Aggregate Demand (AD)

Overview of Aggregate Demand (AD)

Aggregate demand (AD) is a schedule or curve that shows the various amounts of real domestic output that domestic and foreign buyers will desire to purchase at each possible price level.

To put it more simply, Aggregate Demand (AD) is a measure of how Real Gross Domestic Product (GDP) changes with the Average Price of Output . It measures how ‘Household  Consumption’ (C), ‘Private /Firm Investment’ (I), ‘Government Spending’ (G), and ‘Net Exports of domestic goods purchased by foreigners’ (NX)  changes with Price.

As Real GDP is a function of C + I + G + NX, it can vary depending on the price level of those goods and services. Aggregate Demand (AD) reflects this Real GDP level, and relates how it varies with different prices. Real GDP represents the total amount of goods and services produced in an economy over the long term, while Aggregate Demand (AD) is the demand for those goods and services at a specific point in time. In the short run, real GDP may be different from the Aggregate Demand (AD), but both will converge in the long run. However for simplicity, given that both Aggregate Demand (AD) and real GDP captures the same thing mathematically, we can treat them as one and the same.

Slope of the AD Curve

The Aggregate Demand (AD) curve is downward sloping, indicating that at higher prices, there will be less goods and services demanded, leading to lower level of national output.

There are three main factors affecting the slope of the Aggregate Demand (AD) curve, and these are namely:

  1. Foreign Sector Substitution Effect;
  2. Interest Rate Effect;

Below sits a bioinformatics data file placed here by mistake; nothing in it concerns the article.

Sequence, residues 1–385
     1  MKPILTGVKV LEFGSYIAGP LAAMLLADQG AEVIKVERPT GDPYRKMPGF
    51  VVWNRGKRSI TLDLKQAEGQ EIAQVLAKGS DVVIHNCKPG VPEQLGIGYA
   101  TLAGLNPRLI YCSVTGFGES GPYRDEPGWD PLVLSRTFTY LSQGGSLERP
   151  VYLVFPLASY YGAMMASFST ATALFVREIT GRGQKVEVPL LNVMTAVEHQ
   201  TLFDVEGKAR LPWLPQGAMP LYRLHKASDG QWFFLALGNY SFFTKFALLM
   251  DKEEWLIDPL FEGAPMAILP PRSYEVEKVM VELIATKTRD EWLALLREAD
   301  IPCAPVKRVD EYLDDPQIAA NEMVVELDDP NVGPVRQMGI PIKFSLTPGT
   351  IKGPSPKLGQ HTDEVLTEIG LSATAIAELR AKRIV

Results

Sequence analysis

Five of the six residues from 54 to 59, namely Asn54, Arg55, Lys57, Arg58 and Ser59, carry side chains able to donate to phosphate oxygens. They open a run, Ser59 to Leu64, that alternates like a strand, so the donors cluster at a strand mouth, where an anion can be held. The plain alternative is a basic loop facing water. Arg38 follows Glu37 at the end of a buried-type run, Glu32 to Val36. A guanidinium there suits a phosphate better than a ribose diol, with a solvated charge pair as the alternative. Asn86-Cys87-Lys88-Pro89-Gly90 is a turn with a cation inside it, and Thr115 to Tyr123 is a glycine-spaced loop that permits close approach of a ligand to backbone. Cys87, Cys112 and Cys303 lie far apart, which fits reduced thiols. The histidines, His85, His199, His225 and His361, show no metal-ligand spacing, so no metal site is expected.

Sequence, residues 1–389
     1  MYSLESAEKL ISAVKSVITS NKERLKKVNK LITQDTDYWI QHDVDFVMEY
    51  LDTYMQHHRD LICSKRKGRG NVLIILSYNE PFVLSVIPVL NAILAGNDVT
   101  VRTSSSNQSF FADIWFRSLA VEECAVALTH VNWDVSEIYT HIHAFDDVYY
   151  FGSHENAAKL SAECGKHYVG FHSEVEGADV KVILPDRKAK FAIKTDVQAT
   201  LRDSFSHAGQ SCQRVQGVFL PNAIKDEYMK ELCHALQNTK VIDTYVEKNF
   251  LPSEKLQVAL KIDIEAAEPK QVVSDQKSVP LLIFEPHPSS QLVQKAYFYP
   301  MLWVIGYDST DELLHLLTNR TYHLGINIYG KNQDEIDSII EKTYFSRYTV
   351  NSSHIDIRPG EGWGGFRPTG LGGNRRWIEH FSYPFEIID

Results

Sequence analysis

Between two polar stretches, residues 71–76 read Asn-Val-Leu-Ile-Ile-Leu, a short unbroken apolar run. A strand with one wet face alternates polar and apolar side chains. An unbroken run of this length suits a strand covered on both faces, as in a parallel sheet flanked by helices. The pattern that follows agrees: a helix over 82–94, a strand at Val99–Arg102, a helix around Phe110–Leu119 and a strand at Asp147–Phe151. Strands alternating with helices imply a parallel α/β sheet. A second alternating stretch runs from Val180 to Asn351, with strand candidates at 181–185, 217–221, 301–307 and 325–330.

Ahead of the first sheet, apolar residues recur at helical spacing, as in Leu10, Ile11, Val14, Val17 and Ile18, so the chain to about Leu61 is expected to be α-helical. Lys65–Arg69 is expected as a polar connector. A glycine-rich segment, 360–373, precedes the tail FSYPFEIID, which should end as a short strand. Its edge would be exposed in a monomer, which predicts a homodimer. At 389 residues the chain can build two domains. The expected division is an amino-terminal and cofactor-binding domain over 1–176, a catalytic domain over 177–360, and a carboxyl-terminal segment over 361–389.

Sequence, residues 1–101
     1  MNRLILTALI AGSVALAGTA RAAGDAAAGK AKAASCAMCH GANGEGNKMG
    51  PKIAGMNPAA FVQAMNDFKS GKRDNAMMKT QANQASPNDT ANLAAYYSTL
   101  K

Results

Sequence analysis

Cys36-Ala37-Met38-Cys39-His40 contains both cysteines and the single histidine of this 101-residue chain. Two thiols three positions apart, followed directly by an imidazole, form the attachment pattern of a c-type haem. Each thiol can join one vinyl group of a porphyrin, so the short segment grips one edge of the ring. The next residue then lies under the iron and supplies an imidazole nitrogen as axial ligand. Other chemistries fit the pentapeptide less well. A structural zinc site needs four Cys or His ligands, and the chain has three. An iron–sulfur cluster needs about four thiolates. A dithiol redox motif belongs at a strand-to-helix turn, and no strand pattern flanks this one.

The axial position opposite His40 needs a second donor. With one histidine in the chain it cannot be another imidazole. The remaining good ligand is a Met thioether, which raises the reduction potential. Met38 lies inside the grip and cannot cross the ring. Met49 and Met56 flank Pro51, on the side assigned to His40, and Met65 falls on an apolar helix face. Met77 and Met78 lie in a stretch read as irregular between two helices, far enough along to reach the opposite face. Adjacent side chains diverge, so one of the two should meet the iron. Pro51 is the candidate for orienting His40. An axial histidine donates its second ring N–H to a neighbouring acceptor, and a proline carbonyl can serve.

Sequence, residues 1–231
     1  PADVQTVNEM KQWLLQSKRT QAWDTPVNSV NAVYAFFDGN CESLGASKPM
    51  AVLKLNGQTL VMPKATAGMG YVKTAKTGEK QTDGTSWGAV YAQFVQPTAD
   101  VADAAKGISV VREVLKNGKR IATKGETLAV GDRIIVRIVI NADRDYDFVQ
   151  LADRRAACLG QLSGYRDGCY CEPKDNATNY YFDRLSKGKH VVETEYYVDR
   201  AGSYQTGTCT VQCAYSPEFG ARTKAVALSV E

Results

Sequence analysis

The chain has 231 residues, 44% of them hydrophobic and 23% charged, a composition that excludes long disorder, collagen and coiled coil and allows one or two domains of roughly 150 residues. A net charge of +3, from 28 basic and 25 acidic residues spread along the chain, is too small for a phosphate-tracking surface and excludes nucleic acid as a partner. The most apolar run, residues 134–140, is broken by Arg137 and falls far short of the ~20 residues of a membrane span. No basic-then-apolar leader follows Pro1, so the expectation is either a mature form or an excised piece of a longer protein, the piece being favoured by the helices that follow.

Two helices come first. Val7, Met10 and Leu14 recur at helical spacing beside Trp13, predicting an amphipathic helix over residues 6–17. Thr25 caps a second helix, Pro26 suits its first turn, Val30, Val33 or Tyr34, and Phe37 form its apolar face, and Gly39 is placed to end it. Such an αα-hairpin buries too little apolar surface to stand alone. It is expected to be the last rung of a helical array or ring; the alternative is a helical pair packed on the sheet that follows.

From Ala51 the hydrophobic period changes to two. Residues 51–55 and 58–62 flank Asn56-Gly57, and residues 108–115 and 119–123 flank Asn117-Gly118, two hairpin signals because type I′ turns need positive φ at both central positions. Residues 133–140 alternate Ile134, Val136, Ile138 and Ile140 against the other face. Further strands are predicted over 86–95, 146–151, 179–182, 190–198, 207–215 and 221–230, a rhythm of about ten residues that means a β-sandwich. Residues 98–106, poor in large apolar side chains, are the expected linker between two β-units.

3. Wealth Effect

#1 Foreign sector substitution effect

If prices of goods and services in domestic market increase, consumers tend to look for cheaper sources produced in other markets. On the other hand, if domestically produced goods and services are cheaper than foreign ones, there will be more demand for these cheaper goods and services. In summary:

  • Higher Prices, Lower Real GDP;
  • Lower Prices, Higher Real GDP

#2 Interest Rate Effect

 If prices of goods and services (especially for expensive items such as education, car, house and etc) increases, consumers may need to borrow more money to purchase them. The increase in demand for loans will lead to an increase in interest rate (cost of borrowing), which in turn will lower private investment  by firms (I) & household consumption (C). In summary:

  • Higher Prices, Lower Real GDP
  • Lower Prices, Higher Real GDP

#3 Wealth Effect

If prices of goods and services increase, the purchasing power of wealth and savings will fall. That is, your assets such as stocks, bonds, savings, and cash have less value as they can purchase less goods & services. That is another way of saying that your Real GDP will fall. In summary:

  • Higher Price, Less Real GDP
  • Lower Price, Higher Real GDP

Position of the AD Curve

What are the factors that can affect the position of the Aggregate Demand (AD) curve?

Mathematically, Aggregate Demand (AD) = C + I + G + NX. Hence, if any of these components increase, the AD curve will correspondingly increase (i.e. AD shifts right). On the other hand, if these components decrease, the AD curve will also decrease (AD curve shifts left).

Next, let’s look at the Aggregate Supply (AS), and then learn how Aggregate Demand (AD) interacts with Aggregate Supply (AS). This AD-AS Model can help us understand what happens when an economy is in different business cycles.